5 Simple Hacks To Improve Your Hearing
October 21, 2022

Being hearing impaired can impact every aspect of your life. You may find it challenging to communicate with friends, family and co-workers. Additionally, being in public can become uncomfortable or even embarrassing for some people. Fortunately, options are available to help people with various forms of hearing loss. In the U.S., about 15% of adults have hearing loss. About two to three children out of 100 have detectable hearing loss at birth. If you fall into this 15% of adults, you may be able to improve your hearing.

Improve Your Hearing Loss Knowledge

Hearing loss refers generally to various conditions that affect your ability to hear sounds. There are several basic types of common hearing loss:

  • Conductive hearing loss: Something interferes with sound getting through the middle or outer ear.
  • Auditory neuropathy spectrum disorder: The ear picks up sound normally, but the person has damage to the inner ear or hearing nerve that causes the brain to hear disorganized sound.
  • Sensorineural hearing loss: This occurs when someone has a hearing nerve or inner ear problem.
  • Mixed hearing loss: Mixed hearing loss involves two types of hearing loss

There are various degrees of hearing loss as well. Someone may have mild to moderate or severe to profound hearing loss. In mild hearing loss, you may struggle with making out soft sounds, whereas moderate loss results in hearing no speech at a normal volume level. People with severe hearing loss may not be able to hear anything but loud sounds and yelling, whereas profound hearing loss cannot hear any speech. 

5 Simple Ways To Improve Your Hearing

If you have symptoms of hearing loss, learning mitigation techniques can be a game changer. Understanding your symptoms can also help physicians diagnose your hearing loss and help fit you with appropriate hearing instruments.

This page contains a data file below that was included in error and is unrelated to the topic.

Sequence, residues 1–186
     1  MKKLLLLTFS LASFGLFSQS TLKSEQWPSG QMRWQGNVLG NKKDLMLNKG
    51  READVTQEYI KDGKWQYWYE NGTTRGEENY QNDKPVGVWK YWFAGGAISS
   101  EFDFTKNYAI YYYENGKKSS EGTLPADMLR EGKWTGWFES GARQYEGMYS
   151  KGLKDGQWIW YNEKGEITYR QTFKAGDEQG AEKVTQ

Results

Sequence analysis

1. Find the Right Hearing Aid

find the right hearing aid

The most important way to improve hearing is to have a suitable device fitted for your ears. Measurements of your ears can help you choose the correct size of hearing aid. Likewise, it can help you verify the amplification levels. Poorly fit hearing aids can leave sore spots on your ears or cause you to hear a constant whistling sound. The wrong hearing aid could worsen your hearing if you aren't careful. The Atom Pro has many features to improve your hearing and protect you from outside noise. These aids come in the smallest sizes available, so you don't have to worry about the discomfort of too-large hearing aids. They also have enhanced feedback cancelation to control what you hear in public. The Atom Pro has a portable charging case you can take anywhere.

2. Practice Active Listening

practice active listening

Active listening can help you focus on speech. If you have hearing loss, you know what it's like to miss parts of a conversation. Problems with listening can occur because of mental health problems and processing disorders as well as physical hearing loss. During a conversation, try not to let your thoughts be diverted from the conversation at hand. Instead, paraphrase the discussion in your head while you are listening. This activity can help you to pay attention to others' speech. To practice active listening, you can also use audiobooks. Listen to an audiobook while reading along with a hard copy. By reading along, you are practicing active listening. The more you practice, the more you develop this habit, so you may find it easier to focus on a conversation even with background noise.